If your request was processed by an Alexa skill, deleting your voice recordings does not delete any information that was authorized to be given to and retained by the developer of that skill. Skill developers do not receive voice recordings, but they may be receiving recordings' transcripts or records of actions Alexa took in response to your requests. This is problematic, because a big share of more than 100,000 skills are developed by third parties that are not necessarily bound by Amazon’s privacy policies. The research by North Carolina State University found that "23.3% of 1,146 skills that requested access to privacy-sensitive data either didn't have privacy policies or their privacy policies were misleading or incomplete. For example, some requested private information even though their privacy policies stated they were not requesting private information." In addition to misleading privacy policies, issues included things like developers being able to claim fake identity ('Samsung', 'Apple'), multiple skills sharing the same Alexa trigger words, etc.

Amazon collects data from third parties about you, to target ads better: "Some third-parties may provide Amazon pseudonymized information about you (such as demographic information or sites where you have been shown ads) from offline and online sources that we may use to provide you more relevant and useful advertising."

Amazon's privacy statement is not entirely clear regarding deletion rights: "To the extent required by applicable law, you may have the right to request access to or delete your personal information. If you wish to do any of these things, please contact Customer Service. Depending on your data choices, certain services may be limited or unavailable.

What is the company’s known track record of protecting users’ data?

Needs Improvement

In August 2020, security researchers from Check Point pointed out a flaw in Amazon's Alexa smart home devices that could have allowed hackers access to personal information and conversation history. Amazon promptly fixed the bug.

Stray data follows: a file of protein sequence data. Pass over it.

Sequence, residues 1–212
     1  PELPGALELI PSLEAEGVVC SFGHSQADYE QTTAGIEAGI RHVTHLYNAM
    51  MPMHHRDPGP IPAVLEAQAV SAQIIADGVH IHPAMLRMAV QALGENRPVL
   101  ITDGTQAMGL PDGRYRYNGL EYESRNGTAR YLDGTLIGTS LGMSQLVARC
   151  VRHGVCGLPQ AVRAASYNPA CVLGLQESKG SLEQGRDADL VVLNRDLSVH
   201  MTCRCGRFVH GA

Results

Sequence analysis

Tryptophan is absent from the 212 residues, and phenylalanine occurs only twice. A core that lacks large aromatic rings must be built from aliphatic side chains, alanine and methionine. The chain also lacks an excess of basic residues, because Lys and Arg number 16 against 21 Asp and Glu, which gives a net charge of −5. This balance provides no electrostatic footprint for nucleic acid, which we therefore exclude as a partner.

In October 2020, Amazon fired an employee for leaking customer email addresses to an unnamed third party.

In October 2019, Forbes reported that Amazon employees were listening to Amazon Cloud Cam recording, to train its AI algorithm.

In April 2019, it was revealed that thousands of employees, many of whom are contract workers and some not even directly employed by Amazon, had access to both voice and text transcripts of Alexa interactions.

In 2018, Amazon's Echo Dot device recorded private conversation and sent it to random contact. The recording consisted of 1,700 audio files.

Can this product be used offline?

No

User-friendly privacy information?

Yes

In addition to general privacy notice, Amazon provides a privacy FAQ with answers to key questions about Alexa.

Links to privacy information

Does this product meet our Minimum Security Standards? information

Yes

Encryption

Yes

Strong password

Yes

Security updates

Yes

Manages vulnerabilities

Yes

Privacy policy

Yes

Does the product use AI? information

Yes

Is this AI untrustworthy?

Can’t Determine

What kind of decisions does the AI make about you or for you?

The Alexa AI runs the Amazon Smart Thermostat, and customers can enable "Hunches" so that the thermostat will go up, down, off, or on, based on when Alexa thinks what you need.

Is the company transparent about how the AI works?

Yes

Does the user have control over the AI features?

Can’t Determine


News

Security Researchers Probed 90,194 Amazon Alexa Skills—The Results Were Shocking
Forbes
A research team comprising experts from North Carolina State University (NCSU) and the Ruhr-University Bochum in Germany recently undertook a study of Amazon Alexa skills.
'Alexa, are you invading my privacy?' – the dark side of our voice assistants
The Guardian
One day in 2017, Alexa went rogue. When Martin Josephson, who lives in London, came home from work, he heard his Amazon Echo Dot voice assistant spitting out fragmentary commands, seemingly based on his previous interactions with the device. It appeared to be regurgitating requests to book train tickets for journeys he had already taken and to record TV shows that he had already watched. Josephson had not said the wake word – “Alexa” – to activate it and nothing he said would stop it. It was, he says, “Kafkaesque”.
Study Reveals Extent of Privacy Vulnerabilities With Amazon’s Alexa
NC State University
Issues range from misleading privacy policies to the ability of third-parties to change the code of their programs after receiving Amazon approval.
‘Millions of people’s data is at risk’ — Amazon insiders sound alarm over security
Politico
YOUR ORDER HISTORY. Your credit card information. Even your intimate health data. Amazon is amassing an empire of data as the online retailer ventures into ever more areas of our lives. But the company's efforts to protect the information it collects are inadequate, according to insiders who warn the company's security shortfalls expose users' information to potential breaches, theft and exploitation.
Alexa Skills are easy to exploit in a number of worrying ways
Input Magazine
If you’ve ever been worried about the security or privacy credentials of your Alexa-connected devices, there’s some new data that may have you unplugging them immediately.

Comments

Got a comment? Let us hear it.